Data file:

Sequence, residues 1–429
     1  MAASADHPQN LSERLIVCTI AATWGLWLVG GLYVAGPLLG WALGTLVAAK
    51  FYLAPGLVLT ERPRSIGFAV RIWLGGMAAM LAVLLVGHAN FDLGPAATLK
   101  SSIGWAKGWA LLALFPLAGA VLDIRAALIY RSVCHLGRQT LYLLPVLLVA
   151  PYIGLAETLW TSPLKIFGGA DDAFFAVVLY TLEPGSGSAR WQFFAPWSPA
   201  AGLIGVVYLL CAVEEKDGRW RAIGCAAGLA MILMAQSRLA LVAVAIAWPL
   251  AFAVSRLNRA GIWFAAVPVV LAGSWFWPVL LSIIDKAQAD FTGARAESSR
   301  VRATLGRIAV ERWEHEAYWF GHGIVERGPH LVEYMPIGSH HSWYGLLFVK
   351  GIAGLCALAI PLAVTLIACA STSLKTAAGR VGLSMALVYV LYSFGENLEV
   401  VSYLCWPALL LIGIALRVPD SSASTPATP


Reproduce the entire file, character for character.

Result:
Sequence, residues 1–429
     1  MAASADHPQN LSERLIVCTI AATWGLWLVG GLYVAGPLLG WALGTLVAAK
    51  FYLAPGLVLT ERPRSIGFAV RIWLGGMAAM LAVLLVGHAN FDLGPAATLK
   101  SSIGWAKGWA LLALFPLAGA VLDIRAALIY RSVCHLGRQT LYLLPVLLVA
   151  PYIGLAETLW TSPLKIFGGA DDAFFAVVLY TLEPGSGSAR WQFFAPWSPA
   201  AGLIGVVYLL CAVEEKDGRW RAIGCAAGLA MILMAQSRLA LVAVAIAWPL
   251  AFAVSRLNRA GIWFAAVPVV LAGSWFWPVL LSIIDKAQAD FTGARAESSR
   301  VRATLGRIAV ERWEHEAYWF GHGIVERGPH LVEYMPIGSH HSWYGLLFVK
   351  GIAGLCALAI PLAVTLIACA STSLKTAAGR VGLSMALVYV LYSFGENLEV
   401  VSYLCWPALL LIGIALRVPD SSASTPATP